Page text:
The powers that be at the country’s universities have pushed back on a proposed fee hike of 6.3% in a move that saw university councils reclaim authority over the running of their own finances.
A body representing the councils of the country’s 26 universities is adamant that Higher Education Minister Blade Nzimande’s comment this week – that the decision to increase fees rested with councils and not the ministry – was as a result of their interaction with him.
In a behind-the-scenes meeting last Thursday night, which was attended by vice-chancellors and some members of the University Council Chairs Forum (UCCF), council representatives insisted that they would have the final say over any decision reached between the government and universities on fee increases.
Nzimande met them the following day.
Roy Marcus, the UCCF’s deputy chairperson, said he told members at Thursday’s meeting that, if the government decided on a 0% fee increase for next year, it could not unilaterally impose it on all universities.
“Universities will have to go back to their councils and the councils will have to make a value judgment as to whether they can issue a mandate on the basis of that particular decision by government,” he said.
“We said we can longer be put into a position where we are held accountable, on the one hand, for the financial integrity of the university and, on the other hand, our power to make decisions on fees is taken away.”
Said Marcus: “The most disastrous thing that happened in October 2015 was that the decision [to hold councils accountable for universities’ finances] was taken away when there was an agreement that there would be a 0% fee increase for 2016.”
The ANC’s national executive committee resolved after last weekend’s meeting that the principle of no-fee increases in universities should remain in place.
Vice-chancellors at last Thursday’s meeting also decided not to align themselves with either Nzimande or students.
One vice-chancellor told the Mail & Guardian that colleagues at other universities had stated quite strongly that their commitment was primarily to their university.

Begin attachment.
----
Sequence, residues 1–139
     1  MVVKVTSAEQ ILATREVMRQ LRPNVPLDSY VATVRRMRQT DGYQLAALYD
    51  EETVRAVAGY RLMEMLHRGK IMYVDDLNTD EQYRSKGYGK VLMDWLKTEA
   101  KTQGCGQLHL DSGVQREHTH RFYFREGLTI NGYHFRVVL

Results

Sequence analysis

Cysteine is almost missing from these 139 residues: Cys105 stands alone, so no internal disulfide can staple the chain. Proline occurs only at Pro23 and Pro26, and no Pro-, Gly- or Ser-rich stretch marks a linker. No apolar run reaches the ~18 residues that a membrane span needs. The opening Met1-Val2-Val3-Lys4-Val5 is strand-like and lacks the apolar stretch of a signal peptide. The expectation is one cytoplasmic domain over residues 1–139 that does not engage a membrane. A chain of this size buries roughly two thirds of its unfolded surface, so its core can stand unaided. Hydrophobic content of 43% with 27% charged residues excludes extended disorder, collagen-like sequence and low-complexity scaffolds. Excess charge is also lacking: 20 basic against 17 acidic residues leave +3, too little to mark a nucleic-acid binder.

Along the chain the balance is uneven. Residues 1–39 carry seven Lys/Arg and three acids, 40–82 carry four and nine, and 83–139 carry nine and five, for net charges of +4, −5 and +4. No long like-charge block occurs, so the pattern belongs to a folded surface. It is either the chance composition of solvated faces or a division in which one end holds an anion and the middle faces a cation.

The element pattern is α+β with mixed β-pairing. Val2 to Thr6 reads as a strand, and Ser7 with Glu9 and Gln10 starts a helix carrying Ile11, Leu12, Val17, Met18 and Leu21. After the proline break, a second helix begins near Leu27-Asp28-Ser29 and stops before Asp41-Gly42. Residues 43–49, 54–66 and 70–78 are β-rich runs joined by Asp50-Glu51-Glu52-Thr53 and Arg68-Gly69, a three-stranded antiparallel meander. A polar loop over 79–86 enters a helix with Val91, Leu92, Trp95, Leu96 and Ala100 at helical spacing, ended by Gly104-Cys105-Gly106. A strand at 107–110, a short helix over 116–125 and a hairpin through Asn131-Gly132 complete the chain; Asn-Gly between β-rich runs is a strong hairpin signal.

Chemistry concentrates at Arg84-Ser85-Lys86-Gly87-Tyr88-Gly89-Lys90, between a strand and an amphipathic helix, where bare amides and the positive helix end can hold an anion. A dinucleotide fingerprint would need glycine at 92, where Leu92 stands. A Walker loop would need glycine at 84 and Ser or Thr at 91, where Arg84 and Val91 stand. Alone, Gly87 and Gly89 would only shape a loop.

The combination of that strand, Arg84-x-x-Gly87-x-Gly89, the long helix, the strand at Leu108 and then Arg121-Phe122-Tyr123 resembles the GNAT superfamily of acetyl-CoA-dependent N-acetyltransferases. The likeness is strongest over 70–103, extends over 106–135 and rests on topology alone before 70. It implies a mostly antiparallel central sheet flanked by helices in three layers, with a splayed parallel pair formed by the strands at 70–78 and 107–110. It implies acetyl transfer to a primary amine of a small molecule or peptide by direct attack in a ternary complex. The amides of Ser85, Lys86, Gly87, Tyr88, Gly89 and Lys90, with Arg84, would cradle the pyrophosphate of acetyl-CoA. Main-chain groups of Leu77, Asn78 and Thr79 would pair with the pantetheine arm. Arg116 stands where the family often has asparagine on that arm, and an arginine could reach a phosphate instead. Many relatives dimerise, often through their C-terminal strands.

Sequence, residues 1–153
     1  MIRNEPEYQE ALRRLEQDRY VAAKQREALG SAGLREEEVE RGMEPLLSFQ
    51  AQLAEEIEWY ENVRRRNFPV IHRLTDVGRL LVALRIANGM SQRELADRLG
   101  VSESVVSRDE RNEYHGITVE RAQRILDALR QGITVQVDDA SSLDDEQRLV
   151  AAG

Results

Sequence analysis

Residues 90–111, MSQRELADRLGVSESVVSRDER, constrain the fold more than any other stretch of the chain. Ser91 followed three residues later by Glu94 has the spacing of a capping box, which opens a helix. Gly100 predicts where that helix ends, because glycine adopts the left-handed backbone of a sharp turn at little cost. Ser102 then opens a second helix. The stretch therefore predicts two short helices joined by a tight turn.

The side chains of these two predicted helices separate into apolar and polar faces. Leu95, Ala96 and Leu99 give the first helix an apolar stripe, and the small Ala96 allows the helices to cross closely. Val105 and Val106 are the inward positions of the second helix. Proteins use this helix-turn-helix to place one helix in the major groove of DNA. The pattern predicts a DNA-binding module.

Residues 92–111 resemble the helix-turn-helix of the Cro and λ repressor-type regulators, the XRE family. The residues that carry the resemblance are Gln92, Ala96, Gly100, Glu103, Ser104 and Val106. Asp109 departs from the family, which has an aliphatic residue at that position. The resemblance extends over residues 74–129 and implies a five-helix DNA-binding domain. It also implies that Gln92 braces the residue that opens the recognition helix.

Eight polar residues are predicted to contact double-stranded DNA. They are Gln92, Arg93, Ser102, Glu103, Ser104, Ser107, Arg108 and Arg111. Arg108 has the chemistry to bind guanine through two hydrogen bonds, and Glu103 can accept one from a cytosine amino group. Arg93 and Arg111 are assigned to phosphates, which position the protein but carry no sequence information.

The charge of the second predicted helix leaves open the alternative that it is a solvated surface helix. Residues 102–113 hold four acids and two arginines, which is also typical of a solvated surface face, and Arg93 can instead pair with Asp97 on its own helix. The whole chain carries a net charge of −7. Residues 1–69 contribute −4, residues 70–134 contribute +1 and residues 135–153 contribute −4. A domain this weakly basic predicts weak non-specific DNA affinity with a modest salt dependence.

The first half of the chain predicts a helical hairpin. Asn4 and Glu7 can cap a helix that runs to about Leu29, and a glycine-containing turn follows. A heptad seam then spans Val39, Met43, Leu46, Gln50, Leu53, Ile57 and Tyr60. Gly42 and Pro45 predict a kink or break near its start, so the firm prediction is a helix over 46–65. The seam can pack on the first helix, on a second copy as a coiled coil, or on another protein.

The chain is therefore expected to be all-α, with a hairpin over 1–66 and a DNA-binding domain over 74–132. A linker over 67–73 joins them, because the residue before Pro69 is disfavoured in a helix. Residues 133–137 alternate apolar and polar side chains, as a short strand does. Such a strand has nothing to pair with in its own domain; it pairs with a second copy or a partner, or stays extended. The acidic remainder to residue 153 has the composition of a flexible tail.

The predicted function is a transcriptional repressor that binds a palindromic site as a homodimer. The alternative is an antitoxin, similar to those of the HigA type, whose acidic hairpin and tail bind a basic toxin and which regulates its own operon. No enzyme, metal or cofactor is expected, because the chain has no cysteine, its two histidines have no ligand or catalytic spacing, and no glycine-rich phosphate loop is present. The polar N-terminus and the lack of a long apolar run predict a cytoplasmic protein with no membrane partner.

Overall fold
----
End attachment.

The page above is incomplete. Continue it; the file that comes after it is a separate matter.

“They don’t feel the need to be politically aligned, either with the minister against the students or with the students against the minister. Our primary mandate is to ensure the quality of our academic programmes and the financial sustainability of the university.”
Meanwhile, Ahmed Bawa, chief executive of Universities South Africa (USAf), an association representing the country’s 26 universities, said there was “a very strong reaction” from vice-chancellors to the recommendation by the Council on Higher Education (CHE), a body that advises Nzimande, that fees increase by 6.3% next year.
USAf said an increase of less than 8% in annual income “is likely to compromise the financial health” of at least 17 universities as early as next year. “We just felt that it was the wrong recommendation and we made that quite clear to the minister.”
Bawa said the 8% increase suggested by the vice-chancellors
was not a “thumb-suck” figure but was arrived at after calculations involving higher education price index.
He said he was in discussions with the department of higher education’s deputy director general of universities, Diane Parker, on the establishment of a multistakeholder forum to look at all the options available to secure the extra 8% in revenue.
Bawa said they had decided “with a very firm resolve” before meeting Nzimande that it would be quite devastating to the university sector to settle for a 6.3% increase.
“We were not prepared to accept a CPI [consumer price index] increase,” he said.
As vice-chancellors met Nzimande, more than 1 200 academics from 18 universities wrote an open letter to him as well as to President Jacob Zuma and Finance Minister Pravin Gordhan, urging them to address the funding crisis in higher education.
They said that “year on year” they had noticed a decrease in government funding to public universities.
“The effect of this has been to create conditions of austerity in universities as well as to force universities to grow their revenue by increasing tuition fees and third-stream income.”
The scholars said that the public universities could barely be called “public” any longer, with subsidies from the government falling from 49% in 2000 to 40% in 2012.
“We have reached a limit. We cannot weather any further cuts without jeopardising the academic project.”
Gwebinkundla Qonde, the director general of higher education, said he could not say when Nzimande would make an announcement on next year’s fees.
“The question of the fee increase is a consultative matter. We realised it would be quite important for the minister to consult broadly, including outside the realm of higher education,” Qonde said.